In this paper I argue that certain key Machiavellian insights remain germane for democratic societies, and that the central issues that define the problem of dirty hands do not change given the particular values that underlie a democratic form of governance. The argument that a democratic form of governance changes (if not demolishes) our understanding of the standard DH scenario are based on a twofold error: (i) the misunderstanding of the necessary conditions for DH and (ii) the ways in which democracy constrains political actions in the face of intractable moral conflicts. I shall argue that Machiavellian insights concerning the relationship between power, political legitimacy, and effective governance, apply equally to democratic societies as they did to medieval princedoms. What does change given our concern with democratic dirty hands is the issue of whether political agents ought to be held accountable to democratic citizens for getting dirty hands. There is also the important issue of whether a politician’s dirty acts transfer moral pollution to the citizens who elected her. However, in all other respects the DH problem remains as relevant today in democratic societies as it was in the turbulent Florentine political milieu in which Machiavelli wrote The Prince. Successful politicians who strive to ensure a viable and enduring state in order to provide the great benefits of peace and stability need to develop virtù and take heed of the vicissitudes of fortuna.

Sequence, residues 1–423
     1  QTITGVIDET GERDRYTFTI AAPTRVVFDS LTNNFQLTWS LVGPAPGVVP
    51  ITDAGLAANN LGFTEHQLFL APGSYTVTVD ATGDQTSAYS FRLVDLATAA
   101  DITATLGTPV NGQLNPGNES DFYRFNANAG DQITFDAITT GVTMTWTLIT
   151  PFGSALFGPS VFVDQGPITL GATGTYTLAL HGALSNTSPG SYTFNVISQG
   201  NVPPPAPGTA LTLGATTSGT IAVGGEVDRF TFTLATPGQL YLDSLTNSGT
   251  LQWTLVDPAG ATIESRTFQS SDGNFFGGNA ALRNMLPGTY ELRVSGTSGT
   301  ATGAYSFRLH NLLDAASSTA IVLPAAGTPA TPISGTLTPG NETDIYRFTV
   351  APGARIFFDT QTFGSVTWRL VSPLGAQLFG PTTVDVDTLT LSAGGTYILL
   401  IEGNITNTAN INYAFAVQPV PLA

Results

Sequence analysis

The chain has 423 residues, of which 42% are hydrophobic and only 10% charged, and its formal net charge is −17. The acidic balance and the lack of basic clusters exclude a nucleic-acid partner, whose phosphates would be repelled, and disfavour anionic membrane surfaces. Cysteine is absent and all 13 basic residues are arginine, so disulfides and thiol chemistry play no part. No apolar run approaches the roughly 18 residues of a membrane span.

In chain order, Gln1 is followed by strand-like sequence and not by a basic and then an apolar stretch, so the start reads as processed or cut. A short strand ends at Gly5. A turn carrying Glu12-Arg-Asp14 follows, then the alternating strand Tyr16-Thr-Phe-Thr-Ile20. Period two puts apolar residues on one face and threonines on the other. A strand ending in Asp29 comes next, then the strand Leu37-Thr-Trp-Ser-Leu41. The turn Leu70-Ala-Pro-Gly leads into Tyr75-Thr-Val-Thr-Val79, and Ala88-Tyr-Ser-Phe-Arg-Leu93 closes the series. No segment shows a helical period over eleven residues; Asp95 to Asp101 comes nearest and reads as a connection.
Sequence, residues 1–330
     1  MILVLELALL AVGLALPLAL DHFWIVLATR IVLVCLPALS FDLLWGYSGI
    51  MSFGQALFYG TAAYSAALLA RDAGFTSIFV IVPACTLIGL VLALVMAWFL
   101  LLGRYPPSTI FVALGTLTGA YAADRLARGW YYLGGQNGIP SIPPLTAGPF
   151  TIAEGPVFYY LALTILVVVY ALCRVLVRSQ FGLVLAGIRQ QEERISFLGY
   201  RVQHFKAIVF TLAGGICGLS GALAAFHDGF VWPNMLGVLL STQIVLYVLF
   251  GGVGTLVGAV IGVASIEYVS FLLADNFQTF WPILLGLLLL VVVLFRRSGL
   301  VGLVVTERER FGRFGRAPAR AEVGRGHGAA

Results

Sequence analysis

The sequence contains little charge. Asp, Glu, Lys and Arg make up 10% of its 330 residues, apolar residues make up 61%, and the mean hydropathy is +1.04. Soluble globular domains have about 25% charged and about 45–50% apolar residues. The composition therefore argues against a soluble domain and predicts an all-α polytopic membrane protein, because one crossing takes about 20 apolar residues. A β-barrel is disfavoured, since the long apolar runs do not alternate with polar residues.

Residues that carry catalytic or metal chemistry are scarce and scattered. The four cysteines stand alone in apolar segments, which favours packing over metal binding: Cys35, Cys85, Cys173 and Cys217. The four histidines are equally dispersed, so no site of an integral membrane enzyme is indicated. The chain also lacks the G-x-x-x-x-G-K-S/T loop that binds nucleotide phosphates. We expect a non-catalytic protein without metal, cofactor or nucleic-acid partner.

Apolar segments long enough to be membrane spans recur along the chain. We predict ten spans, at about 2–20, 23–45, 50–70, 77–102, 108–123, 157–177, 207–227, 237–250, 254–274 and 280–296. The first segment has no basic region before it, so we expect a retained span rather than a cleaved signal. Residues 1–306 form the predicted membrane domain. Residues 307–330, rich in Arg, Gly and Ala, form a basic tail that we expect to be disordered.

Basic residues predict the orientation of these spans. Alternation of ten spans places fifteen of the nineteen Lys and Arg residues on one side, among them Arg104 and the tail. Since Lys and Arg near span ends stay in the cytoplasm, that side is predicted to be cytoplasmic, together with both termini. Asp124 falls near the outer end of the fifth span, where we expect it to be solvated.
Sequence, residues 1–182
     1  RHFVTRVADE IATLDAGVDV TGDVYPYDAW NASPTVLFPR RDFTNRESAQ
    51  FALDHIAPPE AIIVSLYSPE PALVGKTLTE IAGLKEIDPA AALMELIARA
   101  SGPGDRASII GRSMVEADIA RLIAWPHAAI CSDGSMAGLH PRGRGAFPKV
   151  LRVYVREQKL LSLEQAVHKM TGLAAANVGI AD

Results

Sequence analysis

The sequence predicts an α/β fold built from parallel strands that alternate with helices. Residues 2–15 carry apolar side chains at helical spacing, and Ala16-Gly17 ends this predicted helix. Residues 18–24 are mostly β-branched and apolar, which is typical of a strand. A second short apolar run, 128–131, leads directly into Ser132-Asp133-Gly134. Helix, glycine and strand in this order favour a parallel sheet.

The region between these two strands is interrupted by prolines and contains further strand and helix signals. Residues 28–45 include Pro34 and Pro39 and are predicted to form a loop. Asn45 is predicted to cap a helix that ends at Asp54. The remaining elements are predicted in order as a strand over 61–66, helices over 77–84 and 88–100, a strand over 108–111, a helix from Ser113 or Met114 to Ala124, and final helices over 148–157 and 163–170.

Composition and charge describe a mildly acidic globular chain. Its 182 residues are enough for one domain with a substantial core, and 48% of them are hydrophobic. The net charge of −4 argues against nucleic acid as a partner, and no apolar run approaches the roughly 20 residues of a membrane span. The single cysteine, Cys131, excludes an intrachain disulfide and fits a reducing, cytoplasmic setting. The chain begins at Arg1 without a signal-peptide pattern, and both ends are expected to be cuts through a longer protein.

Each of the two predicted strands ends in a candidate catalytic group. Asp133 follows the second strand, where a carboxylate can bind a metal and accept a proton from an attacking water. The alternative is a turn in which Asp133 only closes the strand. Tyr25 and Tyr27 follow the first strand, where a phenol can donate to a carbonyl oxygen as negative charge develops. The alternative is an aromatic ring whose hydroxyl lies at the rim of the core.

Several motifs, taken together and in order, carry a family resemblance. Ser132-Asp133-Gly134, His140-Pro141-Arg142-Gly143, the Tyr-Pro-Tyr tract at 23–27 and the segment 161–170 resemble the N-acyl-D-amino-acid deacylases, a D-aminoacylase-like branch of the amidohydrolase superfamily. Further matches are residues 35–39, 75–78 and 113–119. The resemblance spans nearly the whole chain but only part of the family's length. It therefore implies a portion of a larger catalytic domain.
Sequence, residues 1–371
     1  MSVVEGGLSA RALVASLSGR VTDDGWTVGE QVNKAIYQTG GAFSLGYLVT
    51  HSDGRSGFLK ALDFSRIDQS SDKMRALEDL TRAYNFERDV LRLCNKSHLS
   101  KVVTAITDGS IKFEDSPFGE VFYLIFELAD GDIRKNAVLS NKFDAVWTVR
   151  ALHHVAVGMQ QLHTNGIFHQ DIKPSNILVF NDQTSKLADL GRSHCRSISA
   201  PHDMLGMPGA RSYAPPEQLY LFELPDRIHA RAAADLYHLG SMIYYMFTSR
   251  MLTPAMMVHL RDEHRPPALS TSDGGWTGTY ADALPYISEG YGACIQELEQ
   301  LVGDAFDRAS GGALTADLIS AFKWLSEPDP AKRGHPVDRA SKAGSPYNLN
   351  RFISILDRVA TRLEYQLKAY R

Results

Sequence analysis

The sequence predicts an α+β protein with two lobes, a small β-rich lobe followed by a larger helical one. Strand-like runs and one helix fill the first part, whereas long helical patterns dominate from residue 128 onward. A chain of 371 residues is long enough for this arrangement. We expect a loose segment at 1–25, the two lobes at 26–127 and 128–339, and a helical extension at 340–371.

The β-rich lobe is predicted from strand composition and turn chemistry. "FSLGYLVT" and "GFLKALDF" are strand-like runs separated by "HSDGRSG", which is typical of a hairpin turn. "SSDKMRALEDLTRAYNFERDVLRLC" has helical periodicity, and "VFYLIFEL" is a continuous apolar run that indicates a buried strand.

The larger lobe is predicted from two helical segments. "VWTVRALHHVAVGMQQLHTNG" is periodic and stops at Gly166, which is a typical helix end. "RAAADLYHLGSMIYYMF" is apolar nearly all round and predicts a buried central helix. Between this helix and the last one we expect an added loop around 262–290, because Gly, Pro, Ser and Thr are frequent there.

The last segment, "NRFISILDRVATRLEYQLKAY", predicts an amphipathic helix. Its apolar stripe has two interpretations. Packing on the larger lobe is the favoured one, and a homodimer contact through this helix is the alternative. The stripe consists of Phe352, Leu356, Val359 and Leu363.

|Number of pages||17|
|Journal||Biblioteca della libertà|
|Publication status||Published - Apr 2014|
- Dirty Hands, Machiavelli, democracy